Team India enjoyed a successful outing in Asia Cup 2023 as they defeated Sri Lanka by 10 wickets in the final to lift the title for the eighth time. Apart from one rare hiccup against Bangladesh, the team more or less dictated the proceedings, sending a strong message with the World Cup scheduled to begin in less than a month.
Both batting and the bowling unit clicked in the continental event as India handed Pakistan a 228-run defeat, then defended a modest 213 against Sri Lanka. The party was not over as a breathtaking show by Mohammed Siraj in the finale put icing on the cake. Siraj registered 6/21 in seven overs, helping India fold Sri Lanka for 50 in 15.2 overs after they won the toss and opted to bat. Ishan Kishan and Shubman Gill then completed the formalities as they wrapped the chase in 6.1 overs, helping India win by 10 wickets.
While every box appears to be ticked, especially with the World Cup approaching, ex-India batter Gautam Gambhir pointed out an area of concern for India, which went unnoticed throughout the course of the Asia Cup.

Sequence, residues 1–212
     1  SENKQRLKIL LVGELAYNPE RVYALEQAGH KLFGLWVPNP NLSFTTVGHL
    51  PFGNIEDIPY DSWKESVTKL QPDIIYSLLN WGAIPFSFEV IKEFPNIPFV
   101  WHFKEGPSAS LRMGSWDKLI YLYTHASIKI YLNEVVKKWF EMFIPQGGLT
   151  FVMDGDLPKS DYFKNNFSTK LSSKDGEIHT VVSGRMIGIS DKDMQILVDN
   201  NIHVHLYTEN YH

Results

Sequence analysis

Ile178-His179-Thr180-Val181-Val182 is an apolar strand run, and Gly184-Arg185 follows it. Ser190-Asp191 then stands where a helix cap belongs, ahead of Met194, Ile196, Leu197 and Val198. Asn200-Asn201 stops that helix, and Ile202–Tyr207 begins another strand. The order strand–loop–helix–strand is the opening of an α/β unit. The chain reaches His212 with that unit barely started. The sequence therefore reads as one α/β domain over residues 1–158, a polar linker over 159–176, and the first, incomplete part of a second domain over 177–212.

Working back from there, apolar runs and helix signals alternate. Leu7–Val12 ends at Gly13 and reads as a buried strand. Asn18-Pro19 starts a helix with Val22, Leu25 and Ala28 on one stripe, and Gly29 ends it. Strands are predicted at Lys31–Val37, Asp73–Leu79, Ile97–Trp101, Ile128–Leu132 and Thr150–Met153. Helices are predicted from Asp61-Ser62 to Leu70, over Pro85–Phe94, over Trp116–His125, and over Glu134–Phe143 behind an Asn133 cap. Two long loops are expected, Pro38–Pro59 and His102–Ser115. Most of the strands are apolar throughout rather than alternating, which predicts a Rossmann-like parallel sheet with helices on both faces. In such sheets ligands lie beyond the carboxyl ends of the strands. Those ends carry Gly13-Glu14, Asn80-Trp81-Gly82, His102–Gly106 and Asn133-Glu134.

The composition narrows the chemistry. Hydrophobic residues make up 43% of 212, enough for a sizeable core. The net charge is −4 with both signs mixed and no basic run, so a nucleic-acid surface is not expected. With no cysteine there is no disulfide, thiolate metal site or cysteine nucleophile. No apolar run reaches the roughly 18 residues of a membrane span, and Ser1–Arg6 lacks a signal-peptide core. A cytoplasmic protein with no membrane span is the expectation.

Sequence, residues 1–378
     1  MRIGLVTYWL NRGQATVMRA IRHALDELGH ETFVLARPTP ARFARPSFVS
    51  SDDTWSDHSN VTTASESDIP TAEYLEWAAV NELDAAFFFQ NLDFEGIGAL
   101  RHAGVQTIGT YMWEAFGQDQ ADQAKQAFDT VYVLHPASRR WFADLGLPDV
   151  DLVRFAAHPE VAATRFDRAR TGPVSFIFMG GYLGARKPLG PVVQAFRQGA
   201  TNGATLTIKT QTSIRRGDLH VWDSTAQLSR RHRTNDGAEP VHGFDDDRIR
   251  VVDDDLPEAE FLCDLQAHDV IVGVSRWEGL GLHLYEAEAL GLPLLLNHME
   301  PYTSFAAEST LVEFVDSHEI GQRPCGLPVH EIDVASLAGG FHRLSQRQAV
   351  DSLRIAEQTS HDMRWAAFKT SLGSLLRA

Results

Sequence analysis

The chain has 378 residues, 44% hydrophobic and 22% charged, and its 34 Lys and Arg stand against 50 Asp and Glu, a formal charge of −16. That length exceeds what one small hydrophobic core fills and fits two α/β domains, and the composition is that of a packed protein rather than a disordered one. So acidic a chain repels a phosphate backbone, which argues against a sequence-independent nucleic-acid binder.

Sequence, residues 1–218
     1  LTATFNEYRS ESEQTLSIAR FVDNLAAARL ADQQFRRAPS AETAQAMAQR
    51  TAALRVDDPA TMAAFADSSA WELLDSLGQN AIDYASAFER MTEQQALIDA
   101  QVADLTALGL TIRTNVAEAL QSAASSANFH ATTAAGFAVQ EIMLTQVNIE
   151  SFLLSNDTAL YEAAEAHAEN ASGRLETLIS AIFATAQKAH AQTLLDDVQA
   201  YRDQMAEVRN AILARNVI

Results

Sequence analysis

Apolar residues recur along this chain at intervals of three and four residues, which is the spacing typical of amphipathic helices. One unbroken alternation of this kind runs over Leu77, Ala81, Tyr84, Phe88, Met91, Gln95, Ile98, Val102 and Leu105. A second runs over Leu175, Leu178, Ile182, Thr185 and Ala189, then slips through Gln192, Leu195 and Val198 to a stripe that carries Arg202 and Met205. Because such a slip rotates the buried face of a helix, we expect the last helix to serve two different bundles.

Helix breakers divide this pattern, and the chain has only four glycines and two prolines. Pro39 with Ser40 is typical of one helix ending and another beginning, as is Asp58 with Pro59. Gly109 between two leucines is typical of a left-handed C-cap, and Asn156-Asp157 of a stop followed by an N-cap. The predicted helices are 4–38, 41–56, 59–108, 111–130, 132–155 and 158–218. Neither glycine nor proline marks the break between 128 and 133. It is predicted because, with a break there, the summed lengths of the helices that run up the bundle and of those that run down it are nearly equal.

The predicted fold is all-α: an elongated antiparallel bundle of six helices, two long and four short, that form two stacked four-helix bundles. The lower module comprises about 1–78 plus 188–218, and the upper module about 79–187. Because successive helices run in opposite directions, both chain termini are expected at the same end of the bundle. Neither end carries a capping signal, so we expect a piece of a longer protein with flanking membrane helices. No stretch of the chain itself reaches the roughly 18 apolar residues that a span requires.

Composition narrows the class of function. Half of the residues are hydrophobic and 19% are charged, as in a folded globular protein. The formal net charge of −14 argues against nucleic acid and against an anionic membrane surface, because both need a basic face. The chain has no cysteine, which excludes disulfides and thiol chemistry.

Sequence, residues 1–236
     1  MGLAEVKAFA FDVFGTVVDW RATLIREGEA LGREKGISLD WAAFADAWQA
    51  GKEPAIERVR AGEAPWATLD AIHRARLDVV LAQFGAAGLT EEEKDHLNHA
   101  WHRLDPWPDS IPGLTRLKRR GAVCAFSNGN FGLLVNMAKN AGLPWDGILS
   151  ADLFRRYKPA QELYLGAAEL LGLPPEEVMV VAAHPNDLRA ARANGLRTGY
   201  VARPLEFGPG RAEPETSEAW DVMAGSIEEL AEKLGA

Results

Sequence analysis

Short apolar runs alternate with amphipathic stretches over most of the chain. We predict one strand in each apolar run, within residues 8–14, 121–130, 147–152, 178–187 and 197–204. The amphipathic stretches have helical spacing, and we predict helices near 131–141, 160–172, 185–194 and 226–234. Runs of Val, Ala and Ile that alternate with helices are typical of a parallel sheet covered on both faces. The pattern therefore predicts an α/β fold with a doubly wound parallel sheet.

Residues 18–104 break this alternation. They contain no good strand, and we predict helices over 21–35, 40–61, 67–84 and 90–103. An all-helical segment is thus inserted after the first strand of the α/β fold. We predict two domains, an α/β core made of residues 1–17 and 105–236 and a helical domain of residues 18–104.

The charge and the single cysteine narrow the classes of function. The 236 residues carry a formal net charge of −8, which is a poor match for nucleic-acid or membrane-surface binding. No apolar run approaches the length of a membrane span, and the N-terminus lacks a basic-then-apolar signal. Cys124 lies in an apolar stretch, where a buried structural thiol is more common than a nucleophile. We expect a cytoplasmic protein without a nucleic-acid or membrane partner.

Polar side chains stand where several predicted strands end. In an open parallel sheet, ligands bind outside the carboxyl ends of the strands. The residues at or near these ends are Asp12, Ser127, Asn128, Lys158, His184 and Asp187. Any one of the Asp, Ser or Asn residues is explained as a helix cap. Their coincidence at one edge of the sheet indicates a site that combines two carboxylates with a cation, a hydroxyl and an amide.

Gambhir emphasised that for India to do well at the World Cup all-rounder Ravindra Jadeja has to contribute “better” with the bat. “We know he (Jadeja) can bowl 10 overs on any given day on any surface. He is an amazing fielder but he will have to contribute better as a batter at No. 7 because you cannot go in with just six batters.
“If Ishan Kishan plays at No. 5, there are question marks there as well. So Ravindra Jadeja will have to win matches with batting because you might have a situation where you need 80 or 90 runs in 10 overs and the No. 6 and No. 7 batters might be playing together,” noted Gambhir during a discussion on Star Sports.
Jadeja got to showcase his batting potential on three occasions in the Asia Cup but the southpaw had a below-par show all three times. If we look at the stats, Jadeja gathered just 25 runs from those three innings at a poor average of 8.33 and an equally dismal strike-rate of 47.16.
However, Jadeja was quite effective with the ball, accounting for six wickets in four innings, while maintaining an economy rate of 4.34.